Two neolithic dwellings
Two neolithic dwellings with their interior and household furnishings and utensils completely preserved. is part of the Tentative list of Bulgaria in order to qualify for inclusion in the World Heritage List.
The Two Neolithic dwellings are located next to each other in Stara Zagora. The two date from the 6th millennium BC and count among the oldest surviving houses in the world. Together with their furnishings and utensils they are protected together in situ, covered by a museum building.
Map of Two neolithic dwellingsLoad map
The coordinates shown for all tentative sites were produced as a community effort. They are not official and may change on inscription.
Two days ago I visited this TWHS with the funny long name: Two neolithic dwellings with their interior and household furnishings and utensils completely preserved. The remains of the two adjacent dwellings lie in a museum building in the center of the town of Stara Zagora. Downstairs there is a collection of neolithic ceramics, mostly taken from other sites around Bulgaria. As the site is already well described by previous reviewers, I'll focus on the Practicalities.
Getting there by car
Although the museum is officially registered at ul. General Stoletov, the entrance to the parking lies at ul. Armeyska. It is signposted from the road with the sign attached to this review. You'll end up between university and hospital buildings and apartment blocks: the museum is enclosed by them. I could not find the entrance at my first try and the streets of Stara Zagora are quite busy with traffic, so there was no opportunity to look around slowly. Instead I parked at the large shopping center with Billa supermarket and Jysk furniture store at Bulevard Tsar Simeon Veliki. From there it is a 5 minute walk.
The entrance fee is 5 Lev (2.5 EUR). Photography is forbidden. There is a guard on duty and a receptionist. There isn't much of explanation, only one map of the dwellings which indicates with colours what is left where. The houses had two storeys and parts of the contents of the collapsed second floor can be found between the ground floor remains.
A visit to the museum will take only about half an hour. In the outskirts of Stara Zagora this enormous Brutalist sculpture can be admired: the Defenders of Stara Zagora Memorial Complex.
Visited September 2018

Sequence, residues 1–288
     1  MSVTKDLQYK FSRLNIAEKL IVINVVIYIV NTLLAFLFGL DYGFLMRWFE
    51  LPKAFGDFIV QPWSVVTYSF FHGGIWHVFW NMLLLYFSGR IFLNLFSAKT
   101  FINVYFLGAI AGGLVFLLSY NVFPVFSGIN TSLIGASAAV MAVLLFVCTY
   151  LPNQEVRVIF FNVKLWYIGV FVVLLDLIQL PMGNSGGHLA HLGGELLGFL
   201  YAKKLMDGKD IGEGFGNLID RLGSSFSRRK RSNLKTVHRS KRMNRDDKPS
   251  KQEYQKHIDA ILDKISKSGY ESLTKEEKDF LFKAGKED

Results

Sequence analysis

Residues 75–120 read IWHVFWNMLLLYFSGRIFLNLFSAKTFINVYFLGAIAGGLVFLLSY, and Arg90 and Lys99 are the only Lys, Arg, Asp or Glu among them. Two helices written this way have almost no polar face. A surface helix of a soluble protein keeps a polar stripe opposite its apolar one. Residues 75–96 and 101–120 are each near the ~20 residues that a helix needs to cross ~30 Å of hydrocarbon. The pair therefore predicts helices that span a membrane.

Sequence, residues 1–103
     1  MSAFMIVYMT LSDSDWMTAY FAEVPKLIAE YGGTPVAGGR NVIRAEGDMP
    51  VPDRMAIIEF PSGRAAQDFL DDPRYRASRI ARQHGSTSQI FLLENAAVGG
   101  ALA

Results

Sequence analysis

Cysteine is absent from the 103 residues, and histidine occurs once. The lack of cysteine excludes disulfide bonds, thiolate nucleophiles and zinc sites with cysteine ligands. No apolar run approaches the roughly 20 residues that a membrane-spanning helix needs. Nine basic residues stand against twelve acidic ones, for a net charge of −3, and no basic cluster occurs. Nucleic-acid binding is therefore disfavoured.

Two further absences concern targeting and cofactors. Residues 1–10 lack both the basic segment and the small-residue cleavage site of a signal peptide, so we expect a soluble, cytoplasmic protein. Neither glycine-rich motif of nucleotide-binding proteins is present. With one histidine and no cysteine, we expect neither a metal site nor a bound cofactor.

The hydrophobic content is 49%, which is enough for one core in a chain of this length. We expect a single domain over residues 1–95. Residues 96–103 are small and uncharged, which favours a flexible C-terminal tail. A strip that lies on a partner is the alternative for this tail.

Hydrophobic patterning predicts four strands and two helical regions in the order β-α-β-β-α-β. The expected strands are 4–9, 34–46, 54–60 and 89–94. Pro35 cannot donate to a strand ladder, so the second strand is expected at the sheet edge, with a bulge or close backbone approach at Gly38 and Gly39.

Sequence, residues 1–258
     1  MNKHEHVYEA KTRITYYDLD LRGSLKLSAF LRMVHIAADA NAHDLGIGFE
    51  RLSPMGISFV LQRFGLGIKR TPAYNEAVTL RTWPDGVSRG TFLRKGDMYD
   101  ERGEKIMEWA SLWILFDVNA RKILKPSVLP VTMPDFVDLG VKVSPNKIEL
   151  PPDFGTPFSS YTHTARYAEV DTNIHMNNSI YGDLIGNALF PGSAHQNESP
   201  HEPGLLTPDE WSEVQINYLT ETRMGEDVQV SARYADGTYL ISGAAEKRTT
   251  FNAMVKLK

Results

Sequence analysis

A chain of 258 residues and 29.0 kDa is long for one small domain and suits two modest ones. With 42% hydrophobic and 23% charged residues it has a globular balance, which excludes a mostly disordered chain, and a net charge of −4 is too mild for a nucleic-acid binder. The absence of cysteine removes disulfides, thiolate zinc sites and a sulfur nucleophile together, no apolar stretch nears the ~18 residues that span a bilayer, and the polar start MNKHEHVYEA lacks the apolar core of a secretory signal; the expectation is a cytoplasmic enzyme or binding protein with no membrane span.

There are many remains of Neolithic sites in Eastern Bulgaria, but this one in Stara Zagora is worth to be inscribed because it is so well preserved that even knowing nothing about what are you looking at, you can imagine how people used to live, let’s say, 8000 years ago. We know nothing about the origin of these people, we know nothing about their ethnicity, we do not know how they looked like, but in this small museum we learn a lot about their everyday life, about their homes, furniture and utensils, food preparation etc.
The site is so well preserved because it was burnt, ‘baked’, like in the firing process of making ceramics – and those who lived there left everything behind. Then the sand covered the remains, few layers of sand, and it helped to protect the structure of the houses and what was inside. Till 1970’s when there were some construction works on the premises of Medicine Institute. And now we can see – as it is stated in the brochure about these two Neolithic houses – ruins of the two of the oldest surviving home buildings in the world. Around them the Neolithic Dwelling Museum was built and opened in 1979. On the ground floor of the museum we can see these two lodgings of different size, almost rectangular, consisting one room each, and a shared common place around them; they were located on the axis directed north-south; the entrance to the bigger one was facing south, while the smaller one was on the eastern side of the compound. The ceramic vessels are scattered all around in both and some of them indicate internal altars, containers for food storing, and also some stone grinders, ovens (placed closed to the northern walls of rooms) and pit can be clearly recognizable. In the basement there’s an exposition of stone and bone tools, ceramic and stone vessels and figurines, and some ornaments found in here and other Neolithic sites in the area.
It is forbidden to take pictures inside the museum, but when we showed up at 9 o’clock in the morning when the museum should open there was only a guard who asked us to wait for the museum’s workers. But after 15 minutes no one came, so the guard let us in and, seeing my camera, he said that we could take pictures before they arrive. And they did arrive around 10, so we had 45 minutes to explore the site and the museum exhibitions; in total we spent there one hour and that was enough time.
I visited the site in 2009. The region has been populated since the end of the 7th millenium when the hunters - gatherers settled down. A fire burnt the wooden walls of the two dwelling but "baked"(preserved perfectly) the clay foundations. I saw the walls, an oven, stone grinders, a clay bed, ritual stones ... The duplex is enclosed in a special museum which exhibits lovely ceramic from the neolithic and chalcolithic eras in the adjacent rooms.The experience is amazing, showing how sophisticated people were 8 000 years ago! The site and the whole region is long overdue to be included into the WHS list!
Also the new Regional museum of History in Stara Zagora is an architectural marvel, built above an ancient Roman street!The city is 2.5 hours drive from Sofia.
More excavation needed
1984 Added to Tentative List
The site has 1 locations